Fairly or not, the Riksbank has acquired the reputation as a serial procrastinator, having repeatedly signalled intentions to raise interest rates, only to delay lift-off repeatedly. Of course, most other G10 central banks have pursued similar strategies, but the Riksbank stands out, thanks to the interest rate forecast it publishes and the strong economic growth Sweden has recorded over recent years.
Now that elusive rate hike is within touching distance. At its September meeting, the Riksbank gave a clear commitment that rates would go up in either December or February. The December meeting will put that commitment to the test.
A poor autumn points towards a delay
The key factor behind the Riksbank’s ultra-loose policy stance is the continued weakness in underlying inflation. Since the September commitment to raise rates, core inflation has undershot the Riksbank’s forecast by around 0.3 percentage points. While headline inflation remains above target, that is set to fall back too as the reduction in energy prices feeds through.
We struggle to see material improvement until wage growth picks up (recent wage data has also been to the downside), and that is unlikely until the new labour union negotiation around in 2020.
In addition to continued soft inflation pressure, the growth outlook has also worsened. The -0.2% QoQ Q3 GDP growth was very poor - the first negative quarter since 2013. Some of that can be explained by temporary factors such as the extremely hot summer reducing electricity output and the frontloading of car purchases in June due to a new emissions tax that came into effect mid-year.
But new housing construction is slowing considerably, and household consumption was even worse than expected, and neither shows much sign of recovering soon. Household consumption was negative YoY in October, and consumer confidence according to the NIER survey remains below 100, indicating contraction. The housing market remains under pressure, and we think new construction will at best consolidate around current levels.
What's more concerning is that a darkening global outlook has accompanied slower domestic growth. Growth in the Eurozone, which accounts for nearly half of Swedish trade, has slowed over 2018, while China also looks to have hit a soft patch. And even US growth, which has remained strong this year, seems likely to slow down in 2019. Combined with continued trade tensions and financial market volatility, this points to a downward revision to growth and increase downside risk.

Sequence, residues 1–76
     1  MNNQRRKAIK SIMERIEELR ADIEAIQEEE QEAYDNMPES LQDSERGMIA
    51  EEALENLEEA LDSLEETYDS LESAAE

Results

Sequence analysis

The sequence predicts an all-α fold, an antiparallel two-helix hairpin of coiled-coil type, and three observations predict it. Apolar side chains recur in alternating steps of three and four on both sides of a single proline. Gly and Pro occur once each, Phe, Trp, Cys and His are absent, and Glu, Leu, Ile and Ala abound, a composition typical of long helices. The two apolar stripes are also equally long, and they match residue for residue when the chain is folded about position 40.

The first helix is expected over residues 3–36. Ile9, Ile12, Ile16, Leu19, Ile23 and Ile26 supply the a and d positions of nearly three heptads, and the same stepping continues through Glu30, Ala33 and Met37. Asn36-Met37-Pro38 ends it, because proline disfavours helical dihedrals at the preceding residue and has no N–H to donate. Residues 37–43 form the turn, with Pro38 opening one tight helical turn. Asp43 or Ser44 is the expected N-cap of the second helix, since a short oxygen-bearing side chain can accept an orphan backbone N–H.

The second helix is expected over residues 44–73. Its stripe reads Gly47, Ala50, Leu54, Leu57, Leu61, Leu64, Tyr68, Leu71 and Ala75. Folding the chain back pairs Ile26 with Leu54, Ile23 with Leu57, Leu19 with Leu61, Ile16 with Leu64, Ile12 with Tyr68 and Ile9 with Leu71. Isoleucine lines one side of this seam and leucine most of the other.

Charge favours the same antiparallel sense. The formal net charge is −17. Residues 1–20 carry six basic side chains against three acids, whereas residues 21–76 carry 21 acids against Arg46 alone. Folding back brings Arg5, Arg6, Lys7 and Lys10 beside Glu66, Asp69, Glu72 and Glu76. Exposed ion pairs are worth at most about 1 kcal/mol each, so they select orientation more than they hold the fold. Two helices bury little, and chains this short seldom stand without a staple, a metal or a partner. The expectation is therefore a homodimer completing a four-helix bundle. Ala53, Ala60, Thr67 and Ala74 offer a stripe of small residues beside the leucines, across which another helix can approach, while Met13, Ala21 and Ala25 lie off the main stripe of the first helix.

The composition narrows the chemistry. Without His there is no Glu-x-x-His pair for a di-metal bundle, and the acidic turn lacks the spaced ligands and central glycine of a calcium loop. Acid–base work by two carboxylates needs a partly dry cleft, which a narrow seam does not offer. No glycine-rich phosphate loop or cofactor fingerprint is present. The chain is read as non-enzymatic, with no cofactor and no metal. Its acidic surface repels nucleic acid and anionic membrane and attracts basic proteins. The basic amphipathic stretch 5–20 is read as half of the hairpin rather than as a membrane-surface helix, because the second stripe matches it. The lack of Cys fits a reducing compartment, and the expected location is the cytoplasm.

Core inflation continues to disappoint
But it’s a close call
Set against this, there a couple of reasons why we are uncertain about our Riksbank call. The first is simply that policymakers may have a more optimistic assessment of the outlook, and could look through the recent poor data. The medium-term forecast is still fairly benign, and a single rate hike is unlikely to derail the Swedish economy.
Policymakers arguing for a hike can point to inflation expectations, which have remained around target over the autumn, and the recent expansionary budget passed by the Swedish government will support growth next year.
There are a couple of reasons why we are uncertain about our Riksbank call
Secondly, markets seem to be, just about, expecting a hike now. So delaying yet again could prove costly in terms of credibility. While we don’t believe the Riksbank would hike simply to meet market expectations (else they would have done so already!), we do think policymakers factor in the need to maintain effective policy communication. To the extent, they believe that not delivering a hike now would reduce their communication credibility in the future, that could tilt what is a marginal call in favour of hiking.
And either way, the outcome could be spectacular
On balance we believe a further delay to the February meeting is the most likely outcome, though far from certain. This is based on the Riksbank’s previous reaction function, where any sign that inflation is not sustainably at target has led to policy loosening. The policy statement is likely to strengthen further the commitment to raising rates in February, though in practice there will always be some doubt about such promises.
On balance we believe a further delay to the February meeting is the most likely outcome
If policymakers do raise the rate, we believe they will deliver a ‘dovish hike’ by simultaneously lowering the interest rate forecast (similar to Norges Bank’s September hike, and also to when the Riksbank ended its QE programme last December). The current rate path implies a total of three hikes by the end of 2019. In this scenario, we think the path would likely be shifted to indicate only two hikes are likely by end-2019.
With the outcome finely in balance, one thing we can be fairly confident about is that the decision will move markets around, especially with liquidity conditions impaired ahead of the holidays. Indeed, the one-week options implied volatility for EUR/SEK is at its highest level since the September meeting.
If we are right and the Riksbank holds rates, that is likely to see the krona weaken, possibly sharply. Conversely, a hike, even with a lower rate path, would see the krona strengthen. A more unexpected outcome – either a ‘dovish hold’ indicating delays beyond February or a ‘hawkish hold’ with no change to the rate path – would translate into even more dramatic moves.